The problems of financialised ‘shareholder’ democracy

I’ve just taken part in an Open Democracy webinar on ‘After the Facts?’ – the truth about fake news. The title refers to the book by one of the speakers, Marcus Gilroy Ware, who lectures at the University of the West of England.

The other speaker was Ece Temelkuran, who has her own considerable book ‘How to Lose a Country : The 7 Steps from Democracy to Dictatorship’.

In a conversation ranging around neoliberalism, misinformation and manipulation, both agreed that the world was increasingly dysfunctional, but slightly to my surprise both also agreed that this was largely caused by the Thatcher/Reagan consensus and subsequent neoliberal takeover.

Thus Facebook and Twitter have been promoting truth – but usually only as that of the highest bidder. Only recently has Twitter suggested that not all Trump’s tweets were truthful… And Facebook has yet to respond.

Both speakers pointed out that the so called centre is just as ideological as anyone else. It too, believes in shareholder democracy. Which is still truth as valued by a highest bid.

This is also, it seems to me, an eventual and unfortunate consequence of ‘moneyness’.

Because of the pervasiveness of the ‘shareholder democracy’ that is neoliberalism, when Trump said he was draining the swamp, nobody could actually deny there was a swamp, even when many thought that Trump was in no position to drain it.

Thus a partial truth gained the momentum of complete truth.

The problem for journalists was that they couldn’t actually deny this but they were going for neutrality not objectivity. Neutrality, the two suggested, meant that the powerful were let off the hook – rather like when climate change deniers were given equal air-time on the BBC. Objectivity would have prevented this, albeit probably imperfectly, but a more robust fact checking regime was felt to be very important. The old joke about one man says it’s sunny and the other says it’s raining is instructive; it is a ‘neutral’ report, yet meanwhile the journalist has completely failed to look outside.

In the end the failure of journalism to challenge the market driven society has, they concluded, actually led to journalism being emasculated and degraded. Journalism is no longer remunerative and has mostly lost what moral authority it had ever had. Journalism was looking less, and with less rigour, at society’s problems. The journalism of Public Relations is, I’d suggest also a significant factor in its decline.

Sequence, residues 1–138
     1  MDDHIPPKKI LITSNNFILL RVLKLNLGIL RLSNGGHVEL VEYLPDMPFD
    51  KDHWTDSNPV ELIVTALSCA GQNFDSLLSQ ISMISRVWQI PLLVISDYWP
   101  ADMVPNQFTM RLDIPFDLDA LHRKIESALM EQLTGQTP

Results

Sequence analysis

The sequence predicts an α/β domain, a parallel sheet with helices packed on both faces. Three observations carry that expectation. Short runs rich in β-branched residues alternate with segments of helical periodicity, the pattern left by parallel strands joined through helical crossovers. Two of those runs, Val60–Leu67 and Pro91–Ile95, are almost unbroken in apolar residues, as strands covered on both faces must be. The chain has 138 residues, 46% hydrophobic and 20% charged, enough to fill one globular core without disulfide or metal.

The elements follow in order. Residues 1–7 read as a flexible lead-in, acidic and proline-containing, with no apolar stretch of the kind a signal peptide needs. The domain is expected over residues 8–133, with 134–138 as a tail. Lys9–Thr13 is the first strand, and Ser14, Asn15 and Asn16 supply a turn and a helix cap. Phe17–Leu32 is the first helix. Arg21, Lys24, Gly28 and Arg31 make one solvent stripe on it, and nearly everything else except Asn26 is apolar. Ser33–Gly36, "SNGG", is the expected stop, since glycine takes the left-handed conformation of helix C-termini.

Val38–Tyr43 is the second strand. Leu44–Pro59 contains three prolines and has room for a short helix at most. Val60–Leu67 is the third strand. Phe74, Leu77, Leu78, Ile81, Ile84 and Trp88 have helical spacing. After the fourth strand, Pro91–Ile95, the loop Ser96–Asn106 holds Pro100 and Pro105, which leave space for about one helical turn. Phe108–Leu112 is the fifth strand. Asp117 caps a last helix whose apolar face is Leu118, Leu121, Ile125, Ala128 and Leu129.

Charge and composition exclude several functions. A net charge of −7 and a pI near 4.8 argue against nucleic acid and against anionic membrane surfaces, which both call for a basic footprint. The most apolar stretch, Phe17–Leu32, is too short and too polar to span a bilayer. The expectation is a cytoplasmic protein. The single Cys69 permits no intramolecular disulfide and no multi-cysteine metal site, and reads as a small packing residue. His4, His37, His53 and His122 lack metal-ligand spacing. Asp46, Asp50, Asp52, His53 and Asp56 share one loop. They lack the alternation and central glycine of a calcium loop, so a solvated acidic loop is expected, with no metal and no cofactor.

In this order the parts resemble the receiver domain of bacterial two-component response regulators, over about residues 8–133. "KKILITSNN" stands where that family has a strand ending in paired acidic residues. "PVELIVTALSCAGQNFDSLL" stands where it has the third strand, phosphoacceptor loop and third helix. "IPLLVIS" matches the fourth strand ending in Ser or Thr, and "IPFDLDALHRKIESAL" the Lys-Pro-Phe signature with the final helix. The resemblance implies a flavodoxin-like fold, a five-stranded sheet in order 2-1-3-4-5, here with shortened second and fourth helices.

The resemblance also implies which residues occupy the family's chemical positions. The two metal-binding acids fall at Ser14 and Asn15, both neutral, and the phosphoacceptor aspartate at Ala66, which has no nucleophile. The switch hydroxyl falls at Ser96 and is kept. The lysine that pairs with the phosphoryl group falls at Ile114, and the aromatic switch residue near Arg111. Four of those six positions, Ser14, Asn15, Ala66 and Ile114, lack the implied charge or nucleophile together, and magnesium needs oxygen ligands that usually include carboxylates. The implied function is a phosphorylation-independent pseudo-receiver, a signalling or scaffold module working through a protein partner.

Conspiracy theories were generally abhorred – but ironically they did both agree that actually power and its systems are pretty much by definition conspiratorial.

I fear they’re correct.

And although they didn’t say this, I think we have to conclude that in consequence:

One of the great ‘achievements’ of Conservatism has been convincing so many people to vote against their own interests – and be in favour of that abstract noun, liberty. (For whom and for why is never asked).

Conservatives’ other achievement is that they’ve managed to pit everybody against each other and divert the blame from government. This is identity politics.

Even in the Christmas lockdown – or free lockdown? we are all being given the opportunity not to listen to a government that is using its best and expert advice, to in turn, advise us – but to make your own bloody mind up and on your head be it.


  1. Schofield -

    The world needs to understand that some politicians and political parties will deliberately engage in disruptive “mind-games” for reasons of power and greed.

    1. Peter May -

      I so agree. Mind you I was one of the ones who used not to understand this, but it has got so much worse under the Tories it’s hard not to see it. I wish the media would be less neutral and less downright supportive and point out these games more frequently

      1. Schofield -

        The first part of this YouTube video upto the 15 minute mark effectively and radically undermines the Neoliberal view of the world:-

  2. Peter May -

    Thanks for the link – our favourite lady!

    1. Peter May -

      Although now (having viewed the link) have to confess I’m glad she was not my lecturer!
      I needed to rewind a few times!
      For me she’s very bright but not a good communicator…
      The short papers I’ve read are better – but I’d dread the book!

Comments are closed.